The results of the fighting were indecisive until the arrival of Yorkist reinforcements, and thus the arrival of Norfolk’s men. Marching up the old London road. Norfolk was hidden from the view of the Lancastrians until his men crested the ridge. Attacking the Lancastrians left flank. The Lancastrians attempted to continue to hold ground and fight. However, the advantage had shifted towards the Yorkists and morale was fading. By the end of the day the Lancastrian line was broken and small groups of men began fleeing for their lives.
The Lancastrian Rout
The exhausted Lancastrians began to tear off parts of their Armor and throw their helmets to the ground, in an attempt to flee faster. The Yorkists exploited their lack of protection to start cutting down the fleeing Lancastrians; both sides had issued orders prior to the fighting to give the enemy no quarter. This means that no survivors were to be kept alive and instead were to be hunted down. Many of the Lancastrians also had bounties on their heads. With one chronicle claiming that 42 knights were killed after being taken prisoner.
Archaeological findings shed light on the final moments of the battle. In 1996 workmen at a construction site in the town of Towton uncovered a mass grave. The grave contained the remains of men who were slain during or after the battle in 1461. The bodies showed severe injuries, with cracked and shattered skulls. One body known to the archaeologists as Towton 25 had the front of his skull cleaved in half.
The Lancastrians lost more troops in their rout than from the battle itself. With men struggling across the river being dragged down, and others struggling in the water being trampled over, and pushed under by their comrades escaping the Yorkist push. Yorkist archers positioned themselves in high vantage points to shoot arrows at the Lancastrians fleeing over the river. The bodies began to pile up creating bridges the soldiers used to cross. The chase continued up to the river Wharfe. Till a bridge utilised by the Lancastrians collapsed under the massive flood of men with many dying trying to cross.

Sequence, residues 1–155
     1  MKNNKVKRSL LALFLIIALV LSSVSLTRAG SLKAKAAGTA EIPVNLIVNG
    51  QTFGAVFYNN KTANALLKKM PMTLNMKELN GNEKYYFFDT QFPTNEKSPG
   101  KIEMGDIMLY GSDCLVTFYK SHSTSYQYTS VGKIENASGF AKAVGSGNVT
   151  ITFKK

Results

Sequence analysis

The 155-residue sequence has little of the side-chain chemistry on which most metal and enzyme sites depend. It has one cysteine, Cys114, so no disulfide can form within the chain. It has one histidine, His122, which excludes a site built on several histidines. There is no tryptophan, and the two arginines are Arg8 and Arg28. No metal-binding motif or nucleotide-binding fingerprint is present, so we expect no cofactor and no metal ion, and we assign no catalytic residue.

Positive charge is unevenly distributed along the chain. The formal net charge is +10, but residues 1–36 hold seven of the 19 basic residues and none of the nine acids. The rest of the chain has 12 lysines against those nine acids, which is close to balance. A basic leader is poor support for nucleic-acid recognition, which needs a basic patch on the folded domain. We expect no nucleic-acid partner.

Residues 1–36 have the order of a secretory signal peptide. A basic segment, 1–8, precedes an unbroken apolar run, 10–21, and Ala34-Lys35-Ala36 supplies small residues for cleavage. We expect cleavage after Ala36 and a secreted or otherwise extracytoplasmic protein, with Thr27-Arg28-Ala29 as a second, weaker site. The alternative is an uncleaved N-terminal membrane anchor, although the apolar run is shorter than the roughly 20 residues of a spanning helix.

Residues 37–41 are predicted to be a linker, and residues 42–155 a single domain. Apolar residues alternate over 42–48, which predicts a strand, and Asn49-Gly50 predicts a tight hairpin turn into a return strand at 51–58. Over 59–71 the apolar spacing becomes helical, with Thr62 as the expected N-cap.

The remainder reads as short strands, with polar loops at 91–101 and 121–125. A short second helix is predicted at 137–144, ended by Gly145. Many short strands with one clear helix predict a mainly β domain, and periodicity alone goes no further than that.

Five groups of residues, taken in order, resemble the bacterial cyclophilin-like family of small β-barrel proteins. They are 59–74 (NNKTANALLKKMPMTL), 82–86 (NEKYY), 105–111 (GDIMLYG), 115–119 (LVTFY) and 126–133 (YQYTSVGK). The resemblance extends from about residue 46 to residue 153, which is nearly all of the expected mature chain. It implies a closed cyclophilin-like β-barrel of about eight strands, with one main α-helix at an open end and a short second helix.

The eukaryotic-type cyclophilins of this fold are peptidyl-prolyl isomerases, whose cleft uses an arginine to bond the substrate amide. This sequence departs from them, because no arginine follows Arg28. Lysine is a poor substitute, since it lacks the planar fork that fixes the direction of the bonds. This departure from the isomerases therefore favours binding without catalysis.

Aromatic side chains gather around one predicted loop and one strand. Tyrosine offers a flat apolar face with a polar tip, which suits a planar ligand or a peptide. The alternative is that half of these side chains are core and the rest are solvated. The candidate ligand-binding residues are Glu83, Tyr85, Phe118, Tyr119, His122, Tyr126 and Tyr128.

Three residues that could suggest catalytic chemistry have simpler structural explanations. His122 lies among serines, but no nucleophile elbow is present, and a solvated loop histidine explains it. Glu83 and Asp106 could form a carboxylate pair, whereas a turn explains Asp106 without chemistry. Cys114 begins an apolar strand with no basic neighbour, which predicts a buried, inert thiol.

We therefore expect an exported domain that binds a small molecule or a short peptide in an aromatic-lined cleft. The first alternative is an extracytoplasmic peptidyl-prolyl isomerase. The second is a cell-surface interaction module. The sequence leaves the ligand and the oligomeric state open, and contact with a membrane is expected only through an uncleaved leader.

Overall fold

Those that had managed to flee hid in Tadcaster and York and were subsequently hunted down. Contemporary sources suggest the total range of casualties are between 2800 to 3800. With the Lancastrian nobility suffering heavy losses including, Lord Dacre. Who is reported to have been killed by an archer perched in an Elder tree. Whereas the Yorkists only lost one notable member of nobility, Robert Horne.
On receiving the news of his army’s defeat Henry fled into exile in Scotland with his wife and son. They were later joined by the few Lancastrian nobles having escaped from the massacre. The battle of Towton severely weakened the Lancastrians’ power in England. With the main part of their powerbase at court either dead or fleeing the country. This marked an end to their dominance over the north of England. Edward exploited this shift in power. Naming 14 Lancastrian peers as traitors and stripping 96 Lancastrian Knights and lower titles, and in some cases taking their lives. However, Edward preferred winning over his enemies, pardoning many he attainted after they submitted to his rule.
Obtaining an accurate figure for the casualties has been complicated. Remains were either moved or used by farmers as fertilizer. Bodies were also stripped of clothing and non perishables before burial. In 2010 some of the earliest handguns were found at the site of the battle of Towton. Perhaps suggesting the scale of the battle. As English Heritage highlights, the battle was of the greatest importance. With it being one of the largest if not the largest battle ever fought in England.